Remaking the Present | Selection


Jeremy Gardiner’s paintings draw together ancient and contemporary features of the landscape, producing and art of simultaneous vision in which past and present share the same visual field. In ‘Moonlight, Charmouth’, these two elements meet head –on in the middle of the paintings two and a half metre length. To the left, the silhouette of a headland and bay is formed from curved blocks of colour – blues, whites and charcoal greys – over and between the contrasting depths that Gardiner has created by cutting into the wooden panel. To the right, in juxtaposition, is a wide flat, angular expanse of pale blue. This provides the setting for a fossil cast, a twisted dendritic form that seems to underlie the plane of the picture. The overall effect is disturbing, uncanny: the moonlight of the title could come from the eclipsed moons of Paul Nash’s ‘Totes Meer’ (Dead Sea) (1940-41) or Blake’s engraving ‘The Blighted Corn’ (1821). The abrupt boundary between the two elements is a type of Caesura, a pause or cutting in the painting’s line, and it carries with it the risk that the line will fall apart. But the join holds, and the past, in the form of a fossil, irrupts into the present.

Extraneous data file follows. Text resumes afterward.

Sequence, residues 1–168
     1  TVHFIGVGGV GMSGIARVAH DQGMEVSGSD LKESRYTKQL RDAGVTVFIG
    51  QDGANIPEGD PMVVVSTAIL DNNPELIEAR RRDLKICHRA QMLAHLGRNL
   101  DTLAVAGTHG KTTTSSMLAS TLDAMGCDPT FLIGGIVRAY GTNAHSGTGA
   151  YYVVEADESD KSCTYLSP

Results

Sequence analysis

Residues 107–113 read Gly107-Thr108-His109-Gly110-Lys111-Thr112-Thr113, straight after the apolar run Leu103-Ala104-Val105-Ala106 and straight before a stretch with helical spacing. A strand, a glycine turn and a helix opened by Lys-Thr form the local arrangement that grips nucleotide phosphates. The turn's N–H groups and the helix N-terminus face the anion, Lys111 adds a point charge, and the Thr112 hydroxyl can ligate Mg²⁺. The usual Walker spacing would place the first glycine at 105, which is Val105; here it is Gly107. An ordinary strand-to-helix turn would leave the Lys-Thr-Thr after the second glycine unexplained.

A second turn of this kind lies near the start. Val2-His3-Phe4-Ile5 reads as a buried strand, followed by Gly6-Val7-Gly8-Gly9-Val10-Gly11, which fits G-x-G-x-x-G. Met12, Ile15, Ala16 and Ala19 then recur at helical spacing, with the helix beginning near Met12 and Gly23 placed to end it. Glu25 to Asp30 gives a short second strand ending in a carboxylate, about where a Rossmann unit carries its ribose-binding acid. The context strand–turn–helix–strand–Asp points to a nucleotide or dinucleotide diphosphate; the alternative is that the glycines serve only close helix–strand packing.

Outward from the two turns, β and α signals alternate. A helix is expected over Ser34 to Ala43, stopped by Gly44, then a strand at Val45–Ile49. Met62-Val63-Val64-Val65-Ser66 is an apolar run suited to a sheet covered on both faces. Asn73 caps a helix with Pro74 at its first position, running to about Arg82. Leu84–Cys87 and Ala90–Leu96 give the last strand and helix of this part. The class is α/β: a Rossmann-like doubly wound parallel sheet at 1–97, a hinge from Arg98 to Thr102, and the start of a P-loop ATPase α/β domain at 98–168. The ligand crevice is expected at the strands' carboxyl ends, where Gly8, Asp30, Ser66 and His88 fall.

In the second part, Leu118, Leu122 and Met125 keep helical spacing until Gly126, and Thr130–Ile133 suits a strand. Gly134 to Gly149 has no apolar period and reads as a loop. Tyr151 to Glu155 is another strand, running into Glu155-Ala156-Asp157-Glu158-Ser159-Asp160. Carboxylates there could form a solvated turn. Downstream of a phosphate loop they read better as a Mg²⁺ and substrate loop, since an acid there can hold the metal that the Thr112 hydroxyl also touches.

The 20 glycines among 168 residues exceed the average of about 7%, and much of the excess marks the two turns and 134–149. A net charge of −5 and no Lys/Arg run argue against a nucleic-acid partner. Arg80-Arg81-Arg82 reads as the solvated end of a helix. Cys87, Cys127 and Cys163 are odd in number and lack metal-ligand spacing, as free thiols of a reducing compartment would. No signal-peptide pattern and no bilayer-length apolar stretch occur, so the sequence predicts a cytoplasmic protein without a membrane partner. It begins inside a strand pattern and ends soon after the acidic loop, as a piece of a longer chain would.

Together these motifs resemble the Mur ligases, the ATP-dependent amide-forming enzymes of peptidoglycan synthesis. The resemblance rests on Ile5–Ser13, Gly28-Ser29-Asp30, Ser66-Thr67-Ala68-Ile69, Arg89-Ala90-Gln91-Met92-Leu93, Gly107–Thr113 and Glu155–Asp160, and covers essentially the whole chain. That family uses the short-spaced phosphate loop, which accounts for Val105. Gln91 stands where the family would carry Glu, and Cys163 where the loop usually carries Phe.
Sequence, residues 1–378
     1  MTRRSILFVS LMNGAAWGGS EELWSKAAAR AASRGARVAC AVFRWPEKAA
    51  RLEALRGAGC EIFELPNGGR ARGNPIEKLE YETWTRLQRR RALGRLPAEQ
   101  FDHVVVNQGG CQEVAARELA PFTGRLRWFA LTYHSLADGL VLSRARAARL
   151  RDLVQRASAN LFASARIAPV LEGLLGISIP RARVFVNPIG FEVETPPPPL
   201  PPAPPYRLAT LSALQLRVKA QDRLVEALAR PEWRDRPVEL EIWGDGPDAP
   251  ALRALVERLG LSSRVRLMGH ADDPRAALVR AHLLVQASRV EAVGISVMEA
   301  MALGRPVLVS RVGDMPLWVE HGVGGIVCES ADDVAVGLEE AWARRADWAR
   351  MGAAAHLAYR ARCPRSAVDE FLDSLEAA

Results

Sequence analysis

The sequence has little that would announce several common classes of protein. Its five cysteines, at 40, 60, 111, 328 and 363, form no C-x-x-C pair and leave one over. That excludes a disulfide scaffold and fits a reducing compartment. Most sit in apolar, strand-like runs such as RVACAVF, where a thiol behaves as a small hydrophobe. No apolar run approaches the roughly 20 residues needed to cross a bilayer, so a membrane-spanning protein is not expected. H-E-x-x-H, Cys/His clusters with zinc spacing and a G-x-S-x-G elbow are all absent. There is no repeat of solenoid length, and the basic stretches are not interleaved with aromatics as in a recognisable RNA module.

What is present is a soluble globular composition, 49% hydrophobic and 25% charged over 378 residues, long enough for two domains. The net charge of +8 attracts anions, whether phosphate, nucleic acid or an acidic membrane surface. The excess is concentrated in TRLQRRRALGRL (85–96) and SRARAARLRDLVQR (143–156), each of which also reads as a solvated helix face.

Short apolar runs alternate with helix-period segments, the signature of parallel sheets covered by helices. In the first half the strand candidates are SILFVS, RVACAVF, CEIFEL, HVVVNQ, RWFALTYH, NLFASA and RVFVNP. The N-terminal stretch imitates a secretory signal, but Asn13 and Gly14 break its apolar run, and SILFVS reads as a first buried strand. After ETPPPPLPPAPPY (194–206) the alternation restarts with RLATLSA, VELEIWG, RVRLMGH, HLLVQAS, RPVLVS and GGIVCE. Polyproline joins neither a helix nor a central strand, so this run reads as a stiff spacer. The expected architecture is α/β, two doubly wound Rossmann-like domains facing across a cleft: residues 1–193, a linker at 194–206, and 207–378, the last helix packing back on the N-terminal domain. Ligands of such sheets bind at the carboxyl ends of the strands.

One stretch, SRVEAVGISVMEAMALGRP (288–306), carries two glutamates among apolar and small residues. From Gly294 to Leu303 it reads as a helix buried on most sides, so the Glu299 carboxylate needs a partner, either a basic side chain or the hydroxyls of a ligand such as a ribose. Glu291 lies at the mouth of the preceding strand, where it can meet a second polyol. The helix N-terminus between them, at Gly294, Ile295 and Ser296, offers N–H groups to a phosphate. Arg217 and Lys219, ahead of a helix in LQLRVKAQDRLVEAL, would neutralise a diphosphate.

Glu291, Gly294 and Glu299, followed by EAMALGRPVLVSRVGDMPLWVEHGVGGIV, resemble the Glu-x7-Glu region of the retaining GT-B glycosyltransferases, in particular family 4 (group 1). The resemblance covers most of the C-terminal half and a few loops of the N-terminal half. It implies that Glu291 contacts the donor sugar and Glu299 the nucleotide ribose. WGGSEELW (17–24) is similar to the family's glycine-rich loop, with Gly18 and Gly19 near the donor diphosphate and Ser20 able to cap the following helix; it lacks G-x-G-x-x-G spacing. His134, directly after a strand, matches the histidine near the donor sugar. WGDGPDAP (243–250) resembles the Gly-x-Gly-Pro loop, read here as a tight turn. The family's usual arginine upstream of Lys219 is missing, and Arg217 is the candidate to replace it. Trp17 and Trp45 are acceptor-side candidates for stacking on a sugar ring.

“Swanage has a strange fascination”, Paul Nash once wrote, “like all things which combine, ugliness, and the power to disquiet”. Whilst the rest of the Dorset coast may not summon up the spirit of de Chirico in quite the same way as Swanage did for Nash, it remains a place with uniquely surprising twists of natural geology and man-made pits, quarries, barrows and follies. Using montage to investigate such a landscape seems fitting, and brings a necessary energy to these paintings even when the meeting of past and present is more subtle, as in ‘Sunrise, Eype’ (2006). Here a black line serves as a as a formal barrier between a fossil-bearing section and the fluid, cubist influenced forms that map the coastline. Gardiner’s processes physically mirror the effects of time and human activity on the landscape, building up a wearing down layers of paint as the rocks built up and eroded, and cutting into the surface in a way that reflects the area’s two-thousand-year history of quarrying. In combining multiple perspectives that go beyond the immediately visible, Gardiner’s painting connects to a spiritual tradition in British landscape art, as suggested by the colours of ‘Sunrise, Eype’ (2006). The excoriating yellow of the dawn sky evokes Graham Sutherland, whilst the deep, luminous brown points further back to Samuel Palmer.

Jamie Wilkes